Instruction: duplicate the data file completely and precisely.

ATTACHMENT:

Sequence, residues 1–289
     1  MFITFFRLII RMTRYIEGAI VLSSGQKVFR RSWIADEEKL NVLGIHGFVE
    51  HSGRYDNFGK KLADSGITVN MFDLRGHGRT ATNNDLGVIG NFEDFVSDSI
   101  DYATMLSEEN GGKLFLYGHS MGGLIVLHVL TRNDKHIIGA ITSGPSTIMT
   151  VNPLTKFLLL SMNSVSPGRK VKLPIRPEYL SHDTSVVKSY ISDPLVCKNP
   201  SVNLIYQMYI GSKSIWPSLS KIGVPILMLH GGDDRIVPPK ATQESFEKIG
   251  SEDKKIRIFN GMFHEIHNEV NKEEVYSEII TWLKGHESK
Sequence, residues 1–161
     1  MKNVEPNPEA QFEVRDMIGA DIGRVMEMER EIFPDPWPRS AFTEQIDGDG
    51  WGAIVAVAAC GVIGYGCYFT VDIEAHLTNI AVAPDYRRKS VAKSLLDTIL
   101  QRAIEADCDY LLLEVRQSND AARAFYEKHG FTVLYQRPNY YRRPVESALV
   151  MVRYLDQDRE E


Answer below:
Sequence, residues 1–289
     1  MFITFFRLII RMTRYIEGAI VLSSGQKVFR RSWIADEEKL NVLGIHGFVE
    51  HSGRYDNFGK KLADSGITVN MFDLRGHGRT ATNNDLGVIG NFEDFVSDSI
   101  DYATMLSEEN GGKLFLYGHS MGGLIVLHVL TRNDKHIIGA ITSGPSTIMT
   151  VNPLTKFLLL SMNSVSPGRK VKLPIRPEYL SHDTSVVKSY ISDPLVCKNP
   201  SVNLIYQMYI GSKSIWPSLS KIGVPILMLH GGDDRIVPPK ATQESFEKIG
   251  SEDKKIRIFN GMFHEIHNEV NKEEVYSEII TWLKGHESK
Sequence, residues 1–161
     1  MKNVEPNPEA QFEVRDMIGA DIGRVMEMER EIFPDPWPRS AFTEQIDGDG
    51  WGAIVAVAAC GVIGYGCYFT VDIEAHLTNI AVAPDYRRKS VAKSLLDTIL
   101  QRAIEADCDY LLLEVRQSND AARAFYEKHG FTVLYQRPNY YRRPVESALV
   151  MVRYLDQDRE E